close up photo of the drawer of an antique bureau

Heirlooms: The Value Trap

Once upon a time I hosted a little workshop about decluttering. In which one participant gave me dozens of justifications as to why she wasn't willing to part with anything. It's possible she was in the wrong room.

To each her own; I don't care how you live your life. But I was concerned about one of her reasons for holding on to things: "My parents' stuff is way too valuable to donate."

Oh, poor misguided soul! I gently suggested that some of the things that people used to pay a lot for aren't so valuable any more, but she wasn't having it. My heart sank further when she described her inherited art. "They paid thousands of dollars for some of these paintings!"

This is what I refer to as the value trap, and it rears its briny head frequently during decluttering discussions, but never as much as when we're talking inheritance.

A few years ago my own mother died, and my sisters and I shouldered the task of emptying her house. My parents were art lovers and collectors, so there was a LOT to manage.

Such prudent people! They'd had an appraisal done about twenty years previously. The local auction house sent someone out to photograph and research all of their art and antiques and estimate their value.

We asked the same company to take a look to give us an approximation of what we were looking at in 2018.

The answer? Everything had lost value. The furniture, in particular. Lovely antiques which were in terrific shape and which had commanded high prices in the 70's, 80's and 90's had become the black sheep of the decorating world.


And not a penny more.

So, if you're holding on to things that belonged to your forebears because you know they paid a lot for them, or because they're very old but in great repair, be prepared for disappointment.

A quick trip through Instagram will confirm that people are snapping up mid-century modernist furnishings. But you're not going to see a lot of housewares and décor that were produced before 1950 or after 1975.

Obviously there are exceptions. If you've got items from famous designers or manufacturers you might own a gem of an outlier. Hooray! But your stuff has to have some distinction, and you'll have to prove it.

Here's where to start: market research.

If you have information about where your things came from (i.e., who designed and made them) all the better. Start looking on sites like eBay or Ruby Lane to see what similar items are selling for. (The key is to determine what price they're fetching, which is not necessarily the listing price.)

If you think you've got some valuable items, find a reputable appraiser. You can use an online search tool, but please! make sure you get local references. Realtors are also good resources for this type of referral.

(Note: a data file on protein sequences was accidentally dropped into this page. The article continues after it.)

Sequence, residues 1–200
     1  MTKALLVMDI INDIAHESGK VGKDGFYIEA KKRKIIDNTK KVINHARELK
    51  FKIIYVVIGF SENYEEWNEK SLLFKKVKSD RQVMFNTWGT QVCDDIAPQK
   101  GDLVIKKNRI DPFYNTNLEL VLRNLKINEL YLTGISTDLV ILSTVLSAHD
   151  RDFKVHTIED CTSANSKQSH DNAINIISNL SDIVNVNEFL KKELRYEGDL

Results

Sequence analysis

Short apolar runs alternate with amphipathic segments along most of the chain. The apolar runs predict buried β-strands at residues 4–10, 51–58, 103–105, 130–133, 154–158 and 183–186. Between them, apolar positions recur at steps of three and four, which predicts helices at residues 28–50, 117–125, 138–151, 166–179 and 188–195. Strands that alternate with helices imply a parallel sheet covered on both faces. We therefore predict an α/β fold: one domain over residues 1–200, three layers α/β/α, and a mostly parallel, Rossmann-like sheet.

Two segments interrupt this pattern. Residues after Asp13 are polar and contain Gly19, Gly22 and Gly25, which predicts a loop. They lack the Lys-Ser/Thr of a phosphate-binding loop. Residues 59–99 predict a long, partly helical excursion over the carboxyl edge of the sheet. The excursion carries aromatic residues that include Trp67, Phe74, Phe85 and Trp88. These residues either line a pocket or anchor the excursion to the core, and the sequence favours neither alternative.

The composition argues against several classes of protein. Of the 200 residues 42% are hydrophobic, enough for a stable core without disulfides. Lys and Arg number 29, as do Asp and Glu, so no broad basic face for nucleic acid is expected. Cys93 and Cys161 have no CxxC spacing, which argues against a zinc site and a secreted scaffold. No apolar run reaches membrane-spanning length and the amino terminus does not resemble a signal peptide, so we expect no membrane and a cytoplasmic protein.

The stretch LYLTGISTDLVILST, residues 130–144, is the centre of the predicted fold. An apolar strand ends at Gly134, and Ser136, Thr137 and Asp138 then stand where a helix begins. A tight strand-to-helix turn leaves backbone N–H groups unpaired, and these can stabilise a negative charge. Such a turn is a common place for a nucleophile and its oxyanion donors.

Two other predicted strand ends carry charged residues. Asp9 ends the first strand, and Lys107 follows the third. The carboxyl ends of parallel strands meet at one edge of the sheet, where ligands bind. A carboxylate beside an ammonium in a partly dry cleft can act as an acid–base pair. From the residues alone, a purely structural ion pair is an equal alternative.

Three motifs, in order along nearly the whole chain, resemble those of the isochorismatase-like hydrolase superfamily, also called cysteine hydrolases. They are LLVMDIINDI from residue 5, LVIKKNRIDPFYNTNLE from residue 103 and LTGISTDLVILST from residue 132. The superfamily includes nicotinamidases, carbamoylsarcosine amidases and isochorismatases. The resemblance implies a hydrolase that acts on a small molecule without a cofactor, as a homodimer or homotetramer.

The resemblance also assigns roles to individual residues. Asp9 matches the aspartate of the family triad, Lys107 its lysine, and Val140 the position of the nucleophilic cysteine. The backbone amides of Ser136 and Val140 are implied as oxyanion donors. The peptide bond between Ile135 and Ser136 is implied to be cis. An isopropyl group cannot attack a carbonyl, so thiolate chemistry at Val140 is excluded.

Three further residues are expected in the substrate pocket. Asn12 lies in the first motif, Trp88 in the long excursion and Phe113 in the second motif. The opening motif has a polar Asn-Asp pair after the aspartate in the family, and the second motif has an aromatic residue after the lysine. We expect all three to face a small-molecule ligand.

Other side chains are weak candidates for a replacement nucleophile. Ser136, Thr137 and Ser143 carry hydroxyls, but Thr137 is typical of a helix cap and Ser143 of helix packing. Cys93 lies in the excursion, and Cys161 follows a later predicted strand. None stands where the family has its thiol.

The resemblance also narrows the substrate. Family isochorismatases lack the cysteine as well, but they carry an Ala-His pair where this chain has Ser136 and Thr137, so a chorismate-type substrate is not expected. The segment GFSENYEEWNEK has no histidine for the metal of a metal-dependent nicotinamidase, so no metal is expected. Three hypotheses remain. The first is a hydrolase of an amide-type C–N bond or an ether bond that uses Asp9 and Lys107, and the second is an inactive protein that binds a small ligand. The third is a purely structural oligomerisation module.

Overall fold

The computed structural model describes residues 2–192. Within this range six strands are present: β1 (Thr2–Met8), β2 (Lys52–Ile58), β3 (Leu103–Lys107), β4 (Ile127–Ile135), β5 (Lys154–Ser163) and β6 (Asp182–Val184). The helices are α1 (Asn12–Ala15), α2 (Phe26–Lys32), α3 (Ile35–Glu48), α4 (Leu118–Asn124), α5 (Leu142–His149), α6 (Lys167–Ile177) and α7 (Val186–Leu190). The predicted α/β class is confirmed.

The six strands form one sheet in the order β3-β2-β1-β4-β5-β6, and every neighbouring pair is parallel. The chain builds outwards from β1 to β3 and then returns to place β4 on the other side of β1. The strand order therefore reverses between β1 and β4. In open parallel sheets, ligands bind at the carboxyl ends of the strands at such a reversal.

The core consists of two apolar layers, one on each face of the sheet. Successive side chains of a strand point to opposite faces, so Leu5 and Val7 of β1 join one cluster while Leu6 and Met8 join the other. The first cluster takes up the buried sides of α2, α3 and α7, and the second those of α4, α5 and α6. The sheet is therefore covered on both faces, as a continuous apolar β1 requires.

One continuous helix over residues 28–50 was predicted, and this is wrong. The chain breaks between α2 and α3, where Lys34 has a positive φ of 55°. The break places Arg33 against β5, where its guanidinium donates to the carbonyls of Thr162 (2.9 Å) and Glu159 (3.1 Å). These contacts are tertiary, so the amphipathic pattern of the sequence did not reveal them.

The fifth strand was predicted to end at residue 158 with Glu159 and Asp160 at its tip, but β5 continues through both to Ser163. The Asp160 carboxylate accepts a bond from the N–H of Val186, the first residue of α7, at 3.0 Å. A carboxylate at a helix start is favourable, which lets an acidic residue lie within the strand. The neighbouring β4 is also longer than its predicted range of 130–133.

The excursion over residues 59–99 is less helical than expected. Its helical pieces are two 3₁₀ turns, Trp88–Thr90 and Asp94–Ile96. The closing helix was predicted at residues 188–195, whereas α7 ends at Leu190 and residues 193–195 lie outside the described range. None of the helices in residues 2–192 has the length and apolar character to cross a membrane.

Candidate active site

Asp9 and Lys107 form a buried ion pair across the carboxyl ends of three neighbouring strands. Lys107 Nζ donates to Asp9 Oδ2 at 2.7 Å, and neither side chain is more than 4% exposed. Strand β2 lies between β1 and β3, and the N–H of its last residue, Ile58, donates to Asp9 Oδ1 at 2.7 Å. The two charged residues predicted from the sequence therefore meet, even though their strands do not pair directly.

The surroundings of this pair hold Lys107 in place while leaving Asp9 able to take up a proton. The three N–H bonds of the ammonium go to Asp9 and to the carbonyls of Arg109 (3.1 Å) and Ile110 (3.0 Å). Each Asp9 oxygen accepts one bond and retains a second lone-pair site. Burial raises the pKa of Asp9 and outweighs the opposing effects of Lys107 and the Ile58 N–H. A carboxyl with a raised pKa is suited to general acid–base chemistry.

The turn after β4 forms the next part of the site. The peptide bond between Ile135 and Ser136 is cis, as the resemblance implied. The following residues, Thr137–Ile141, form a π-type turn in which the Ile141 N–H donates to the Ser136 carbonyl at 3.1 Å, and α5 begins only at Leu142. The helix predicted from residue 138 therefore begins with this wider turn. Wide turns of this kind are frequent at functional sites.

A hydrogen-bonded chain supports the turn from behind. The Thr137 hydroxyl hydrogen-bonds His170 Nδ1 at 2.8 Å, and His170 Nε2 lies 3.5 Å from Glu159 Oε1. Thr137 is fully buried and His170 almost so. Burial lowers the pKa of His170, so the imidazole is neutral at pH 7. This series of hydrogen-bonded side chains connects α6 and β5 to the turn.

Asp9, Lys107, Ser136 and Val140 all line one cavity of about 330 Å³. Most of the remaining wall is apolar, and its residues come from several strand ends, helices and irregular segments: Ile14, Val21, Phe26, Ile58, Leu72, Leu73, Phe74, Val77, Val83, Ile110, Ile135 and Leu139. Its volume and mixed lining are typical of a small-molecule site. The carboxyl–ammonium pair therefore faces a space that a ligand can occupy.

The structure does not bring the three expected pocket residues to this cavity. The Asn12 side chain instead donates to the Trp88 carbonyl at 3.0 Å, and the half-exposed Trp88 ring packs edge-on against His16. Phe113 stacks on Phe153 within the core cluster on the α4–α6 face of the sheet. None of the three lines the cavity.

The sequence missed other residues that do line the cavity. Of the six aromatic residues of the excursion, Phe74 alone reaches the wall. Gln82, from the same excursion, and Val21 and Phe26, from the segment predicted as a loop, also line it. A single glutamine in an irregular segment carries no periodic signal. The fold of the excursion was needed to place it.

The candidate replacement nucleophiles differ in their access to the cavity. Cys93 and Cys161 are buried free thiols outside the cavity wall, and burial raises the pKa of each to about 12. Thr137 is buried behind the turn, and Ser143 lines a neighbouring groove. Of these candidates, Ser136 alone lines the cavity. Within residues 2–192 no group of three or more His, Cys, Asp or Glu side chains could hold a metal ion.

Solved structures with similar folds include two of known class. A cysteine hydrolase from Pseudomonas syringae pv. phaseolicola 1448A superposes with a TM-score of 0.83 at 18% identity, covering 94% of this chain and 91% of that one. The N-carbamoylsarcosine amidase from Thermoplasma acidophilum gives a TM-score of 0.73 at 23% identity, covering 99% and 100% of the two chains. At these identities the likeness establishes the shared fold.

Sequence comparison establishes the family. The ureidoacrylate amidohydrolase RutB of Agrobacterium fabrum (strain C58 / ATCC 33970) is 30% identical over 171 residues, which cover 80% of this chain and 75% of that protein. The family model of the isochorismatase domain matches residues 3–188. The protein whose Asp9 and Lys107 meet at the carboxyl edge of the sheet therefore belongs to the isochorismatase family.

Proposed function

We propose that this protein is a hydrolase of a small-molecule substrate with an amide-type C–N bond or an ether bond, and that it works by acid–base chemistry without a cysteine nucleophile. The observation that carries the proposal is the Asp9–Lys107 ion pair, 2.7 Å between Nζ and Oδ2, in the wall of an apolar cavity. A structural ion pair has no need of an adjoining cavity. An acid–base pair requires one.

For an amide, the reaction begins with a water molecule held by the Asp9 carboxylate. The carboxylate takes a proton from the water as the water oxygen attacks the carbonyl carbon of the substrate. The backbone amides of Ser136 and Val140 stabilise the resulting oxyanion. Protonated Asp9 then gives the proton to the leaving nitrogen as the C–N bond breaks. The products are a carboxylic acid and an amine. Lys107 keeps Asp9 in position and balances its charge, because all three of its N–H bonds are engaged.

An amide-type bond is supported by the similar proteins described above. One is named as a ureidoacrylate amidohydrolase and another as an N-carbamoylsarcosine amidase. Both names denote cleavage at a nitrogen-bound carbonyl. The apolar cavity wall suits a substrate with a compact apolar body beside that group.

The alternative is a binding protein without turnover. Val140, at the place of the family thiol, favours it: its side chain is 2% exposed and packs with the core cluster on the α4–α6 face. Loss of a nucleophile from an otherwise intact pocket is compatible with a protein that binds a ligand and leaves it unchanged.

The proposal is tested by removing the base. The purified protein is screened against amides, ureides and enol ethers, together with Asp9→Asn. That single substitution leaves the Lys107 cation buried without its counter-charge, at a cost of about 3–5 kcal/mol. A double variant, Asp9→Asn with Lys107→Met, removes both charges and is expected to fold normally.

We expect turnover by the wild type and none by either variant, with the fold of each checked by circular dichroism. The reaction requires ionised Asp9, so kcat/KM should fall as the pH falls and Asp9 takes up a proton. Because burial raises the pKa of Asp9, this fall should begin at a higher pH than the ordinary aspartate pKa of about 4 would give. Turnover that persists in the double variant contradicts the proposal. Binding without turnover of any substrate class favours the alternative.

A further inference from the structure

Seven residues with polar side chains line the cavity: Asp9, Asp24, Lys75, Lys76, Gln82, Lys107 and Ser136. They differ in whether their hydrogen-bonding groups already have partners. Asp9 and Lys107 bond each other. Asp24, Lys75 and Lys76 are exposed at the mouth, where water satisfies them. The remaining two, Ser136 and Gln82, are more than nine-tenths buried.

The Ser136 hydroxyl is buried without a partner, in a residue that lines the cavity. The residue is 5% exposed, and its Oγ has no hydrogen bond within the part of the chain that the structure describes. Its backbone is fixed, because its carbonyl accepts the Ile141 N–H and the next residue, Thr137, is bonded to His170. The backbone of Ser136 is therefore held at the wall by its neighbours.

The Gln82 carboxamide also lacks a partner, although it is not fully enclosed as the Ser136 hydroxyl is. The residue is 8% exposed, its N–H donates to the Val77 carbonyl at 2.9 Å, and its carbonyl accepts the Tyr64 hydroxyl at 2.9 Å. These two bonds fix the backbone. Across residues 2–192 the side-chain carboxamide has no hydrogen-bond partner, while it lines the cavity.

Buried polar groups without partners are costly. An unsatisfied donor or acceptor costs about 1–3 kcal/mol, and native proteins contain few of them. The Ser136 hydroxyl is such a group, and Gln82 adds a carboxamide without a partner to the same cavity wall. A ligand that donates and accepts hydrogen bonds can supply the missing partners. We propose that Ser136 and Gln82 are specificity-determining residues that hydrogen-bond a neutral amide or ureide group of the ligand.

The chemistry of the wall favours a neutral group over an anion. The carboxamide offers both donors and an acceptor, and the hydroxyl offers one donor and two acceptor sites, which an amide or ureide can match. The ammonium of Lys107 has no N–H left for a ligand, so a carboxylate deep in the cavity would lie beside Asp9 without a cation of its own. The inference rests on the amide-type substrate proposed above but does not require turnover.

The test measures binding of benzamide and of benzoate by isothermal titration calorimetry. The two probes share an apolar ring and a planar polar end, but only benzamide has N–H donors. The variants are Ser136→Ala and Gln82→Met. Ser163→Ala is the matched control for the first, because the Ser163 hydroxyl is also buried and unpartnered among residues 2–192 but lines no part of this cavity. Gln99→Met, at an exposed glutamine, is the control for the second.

So what about my workshop attendee's inherited paintings?  Here's hoping she's ready to play Sherlock Holmes.

Valuing artwork can be tricky. Lucky for us The Smithsonian American Art Museum has some advice. In short, do as much research as you can with the information you've got, but ultimately you'll probably want to hire an appraiser. (Follow the link for more guidance.)

One note on appraisals: beware of "free" offers.

The people who are eager to work for free may be more interested in what they can earn by selling your art than in giving you their unbiased opinion. Shocking, I know!

A final note about value. You might have an antique bedpan in the back of the garage that's worth $1000. (Unlikely, I know, but bear with me.) As long as it sits in your garage it's not building up your savings account. Owning potentially valuable things isn't going to make you rich - selling things that are actually valuable is.

When my clients talk to me about selling things, I give them this advice: be honest with yourself.

What are the chances that you're actually going to put that bedpan on eBay? Remember, in order to sell something you've got to do at least a little research into what similar items are selling for, you have to photograph it, post it, answer inquiries, and then either ship the item or meet up with potential buyers.

If you're down for that kind of time and energy commitment, go for it! But if that sounds exhausting and stressful, let it go. Same same for yard sales! They tend to take a lot of time and net very little money - unless you're selling some really great stuff at good prices.

The value trap can get us with things we've purchased ourselves, too.

I want you to remember that the money you or your mother or your great-uncle spent on something is GONE. Stubbornly clinging to possessions because you feel like they should be worth a lot of money isn't helping your bank account and it's definitely contributing to your clutter problem.

Take a deep breath, let the things go. They're just things. I'll bet you forget about them within minutes of dropping them at the donation center door.